Ressler: There is a diversity of thought. You may be stuck inside a firewall with agency people that you work with. Or maybe at best, you're stuck [speaking only with other] federal employees. There are diverse views of government, whether it comes from academia, students or reporters. I think there is something to adding state and local perspectives when discussing similar topics, like technology and training. It's also cool to tap into the international community. It's mostly English-speaking [governments on GovLoop] — Canada, U.K., New Zealand and Australia. They are working on the same issues. They are trying to deal with government 2.0. All these people are on GovLoop, and you can share ideas with them.

GCN: At last count, GovLoop has more than 8,000 members. Why did GovLoop take off when so many other sites have failed?

Ressler: I think a key part of this is being neutral third-party. It's a hobby [for me]. That definitely helped in the beginning. I had no agenda. 

I also found that the Young Government Leaders participants had some experience in building communities, and so I think people got what I was doing.

There is a real trick [to doing this]: There has to be enough content to get the right people to feel comfortable and come back. I've been lucky enough so that when the site grew, it seemed to have the right people.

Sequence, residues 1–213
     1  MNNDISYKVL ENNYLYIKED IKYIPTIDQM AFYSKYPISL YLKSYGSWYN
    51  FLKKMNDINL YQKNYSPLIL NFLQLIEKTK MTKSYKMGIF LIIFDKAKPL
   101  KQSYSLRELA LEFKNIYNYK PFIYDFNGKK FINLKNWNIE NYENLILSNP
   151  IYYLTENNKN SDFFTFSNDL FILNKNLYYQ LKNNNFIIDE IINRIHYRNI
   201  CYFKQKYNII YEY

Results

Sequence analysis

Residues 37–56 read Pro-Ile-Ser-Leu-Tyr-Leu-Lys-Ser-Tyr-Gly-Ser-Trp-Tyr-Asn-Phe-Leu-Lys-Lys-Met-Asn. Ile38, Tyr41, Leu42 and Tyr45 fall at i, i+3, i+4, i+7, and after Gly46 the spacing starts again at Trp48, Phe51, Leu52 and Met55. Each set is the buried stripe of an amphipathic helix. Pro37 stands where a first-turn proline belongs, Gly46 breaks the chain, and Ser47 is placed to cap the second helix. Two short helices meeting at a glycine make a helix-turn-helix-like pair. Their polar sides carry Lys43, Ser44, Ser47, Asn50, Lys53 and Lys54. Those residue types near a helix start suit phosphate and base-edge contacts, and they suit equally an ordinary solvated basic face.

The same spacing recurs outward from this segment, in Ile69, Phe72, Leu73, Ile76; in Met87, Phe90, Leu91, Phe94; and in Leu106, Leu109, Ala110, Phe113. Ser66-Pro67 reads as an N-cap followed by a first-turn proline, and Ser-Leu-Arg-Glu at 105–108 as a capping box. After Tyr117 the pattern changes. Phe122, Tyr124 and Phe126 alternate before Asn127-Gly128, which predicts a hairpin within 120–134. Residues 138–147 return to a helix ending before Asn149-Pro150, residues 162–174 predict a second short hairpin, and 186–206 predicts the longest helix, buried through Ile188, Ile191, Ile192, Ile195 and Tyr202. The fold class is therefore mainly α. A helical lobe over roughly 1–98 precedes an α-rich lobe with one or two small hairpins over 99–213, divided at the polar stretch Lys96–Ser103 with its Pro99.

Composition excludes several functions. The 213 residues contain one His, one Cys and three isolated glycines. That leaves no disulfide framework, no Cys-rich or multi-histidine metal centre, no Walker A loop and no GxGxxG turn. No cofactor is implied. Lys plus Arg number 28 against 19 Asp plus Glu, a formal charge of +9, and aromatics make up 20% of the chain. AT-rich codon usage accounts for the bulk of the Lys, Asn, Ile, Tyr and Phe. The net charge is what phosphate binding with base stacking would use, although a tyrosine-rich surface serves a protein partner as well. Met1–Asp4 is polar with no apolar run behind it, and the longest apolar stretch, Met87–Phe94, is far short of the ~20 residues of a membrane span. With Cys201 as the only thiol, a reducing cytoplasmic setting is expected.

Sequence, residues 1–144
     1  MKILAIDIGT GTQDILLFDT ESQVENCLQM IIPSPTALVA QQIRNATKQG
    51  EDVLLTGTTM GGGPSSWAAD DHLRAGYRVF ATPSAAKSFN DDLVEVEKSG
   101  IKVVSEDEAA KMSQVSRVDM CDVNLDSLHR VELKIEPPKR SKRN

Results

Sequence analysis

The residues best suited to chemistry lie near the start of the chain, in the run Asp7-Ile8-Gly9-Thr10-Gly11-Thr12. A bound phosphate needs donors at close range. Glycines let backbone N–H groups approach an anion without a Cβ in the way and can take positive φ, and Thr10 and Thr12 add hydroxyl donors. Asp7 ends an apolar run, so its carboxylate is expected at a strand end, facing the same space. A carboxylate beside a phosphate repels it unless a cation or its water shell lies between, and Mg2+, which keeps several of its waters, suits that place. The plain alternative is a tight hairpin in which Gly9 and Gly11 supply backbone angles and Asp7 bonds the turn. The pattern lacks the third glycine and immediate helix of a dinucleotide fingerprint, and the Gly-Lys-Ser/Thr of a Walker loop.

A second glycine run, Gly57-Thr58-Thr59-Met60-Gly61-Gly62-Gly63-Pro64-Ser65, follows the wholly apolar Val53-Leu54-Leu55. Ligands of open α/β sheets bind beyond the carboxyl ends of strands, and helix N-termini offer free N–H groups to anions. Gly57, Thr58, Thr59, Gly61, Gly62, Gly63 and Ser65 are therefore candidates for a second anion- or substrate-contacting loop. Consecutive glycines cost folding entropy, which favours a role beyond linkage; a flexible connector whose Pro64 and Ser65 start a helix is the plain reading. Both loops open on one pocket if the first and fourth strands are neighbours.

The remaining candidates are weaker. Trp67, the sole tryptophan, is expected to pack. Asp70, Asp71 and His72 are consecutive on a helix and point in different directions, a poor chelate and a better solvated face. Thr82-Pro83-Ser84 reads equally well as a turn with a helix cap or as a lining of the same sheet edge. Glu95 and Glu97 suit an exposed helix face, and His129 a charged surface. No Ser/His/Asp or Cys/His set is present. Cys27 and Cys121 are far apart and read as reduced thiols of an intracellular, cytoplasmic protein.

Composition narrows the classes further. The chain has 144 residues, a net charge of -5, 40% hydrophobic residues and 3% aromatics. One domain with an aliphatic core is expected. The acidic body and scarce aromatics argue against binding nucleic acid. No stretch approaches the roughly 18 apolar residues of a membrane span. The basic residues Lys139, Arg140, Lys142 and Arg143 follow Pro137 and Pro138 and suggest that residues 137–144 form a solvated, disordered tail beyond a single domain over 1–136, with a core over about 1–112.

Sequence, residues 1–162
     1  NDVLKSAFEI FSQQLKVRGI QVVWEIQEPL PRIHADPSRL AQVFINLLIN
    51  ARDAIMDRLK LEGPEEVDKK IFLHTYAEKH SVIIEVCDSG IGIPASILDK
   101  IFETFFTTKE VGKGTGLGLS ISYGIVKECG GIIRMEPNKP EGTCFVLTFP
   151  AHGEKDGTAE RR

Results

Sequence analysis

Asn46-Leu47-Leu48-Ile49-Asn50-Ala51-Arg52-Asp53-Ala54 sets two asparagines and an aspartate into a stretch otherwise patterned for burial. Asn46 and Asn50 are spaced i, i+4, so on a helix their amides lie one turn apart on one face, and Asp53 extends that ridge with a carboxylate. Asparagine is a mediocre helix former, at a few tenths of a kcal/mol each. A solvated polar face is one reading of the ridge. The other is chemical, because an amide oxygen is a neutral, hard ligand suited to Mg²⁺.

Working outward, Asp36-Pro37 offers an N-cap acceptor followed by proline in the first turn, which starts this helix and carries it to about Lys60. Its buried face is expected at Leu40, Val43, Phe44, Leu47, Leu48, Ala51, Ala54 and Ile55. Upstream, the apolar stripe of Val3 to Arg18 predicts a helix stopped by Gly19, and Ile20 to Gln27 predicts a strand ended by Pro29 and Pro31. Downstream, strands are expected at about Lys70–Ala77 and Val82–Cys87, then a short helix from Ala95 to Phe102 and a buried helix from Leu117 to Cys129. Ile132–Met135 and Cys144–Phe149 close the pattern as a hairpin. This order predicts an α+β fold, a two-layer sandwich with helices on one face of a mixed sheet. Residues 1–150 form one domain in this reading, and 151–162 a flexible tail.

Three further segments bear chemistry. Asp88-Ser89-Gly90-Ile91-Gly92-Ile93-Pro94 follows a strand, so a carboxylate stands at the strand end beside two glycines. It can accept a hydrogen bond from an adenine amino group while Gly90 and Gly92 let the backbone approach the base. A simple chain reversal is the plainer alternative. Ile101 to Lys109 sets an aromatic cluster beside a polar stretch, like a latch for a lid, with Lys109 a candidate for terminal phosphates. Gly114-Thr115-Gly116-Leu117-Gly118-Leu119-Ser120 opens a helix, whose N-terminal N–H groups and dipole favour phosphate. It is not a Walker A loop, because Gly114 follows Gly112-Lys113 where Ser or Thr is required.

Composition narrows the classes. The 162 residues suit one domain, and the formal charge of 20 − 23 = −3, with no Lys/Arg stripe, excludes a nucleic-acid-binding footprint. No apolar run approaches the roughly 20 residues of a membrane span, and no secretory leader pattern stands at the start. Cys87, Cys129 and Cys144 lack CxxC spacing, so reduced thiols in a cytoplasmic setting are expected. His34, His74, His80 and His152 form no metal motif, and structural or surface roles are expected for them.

We've had a group of volunteers that help make the site interesting, just by monitoring for any bad behavior and acting as a welcoming community. That's been really helpful. They interview members for the member-of-the-week series. We also have a project-of-the-week series.

When new members join, they get welcomed by a member [of the welcoming community] and are urged to join in. It's been a good part of this community that people get welcomed in.

GCN: When do you work on it? Is it a time-sink?

Ressler: Evenings and weekends. I spend some time each night on it and on the weekends. My lady is a tenure-track professor so she is always busy. So I can go to the coffee shop and work away.

GCN: What content management software do you use? How much customization work did it take?